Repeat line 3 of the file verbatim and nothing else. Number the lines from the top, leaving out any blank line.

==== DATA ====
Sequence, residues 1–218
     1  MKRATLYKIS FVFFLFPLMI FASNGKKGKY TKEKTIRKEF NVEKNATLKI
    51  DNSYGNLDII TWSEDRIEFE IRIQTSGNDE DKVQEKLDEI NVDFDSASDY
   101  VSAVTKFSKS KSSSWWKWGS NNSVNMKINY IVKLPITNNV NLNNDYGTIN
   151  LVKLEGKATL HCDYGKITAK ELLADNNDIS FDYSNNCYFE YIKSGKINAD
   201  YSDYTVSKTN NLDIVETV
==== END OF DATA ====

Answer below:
    51  DNSYGNLDII TWSEDRIEFE IRIQTSGNDE DKVQEKLDEI NVDFDSASDY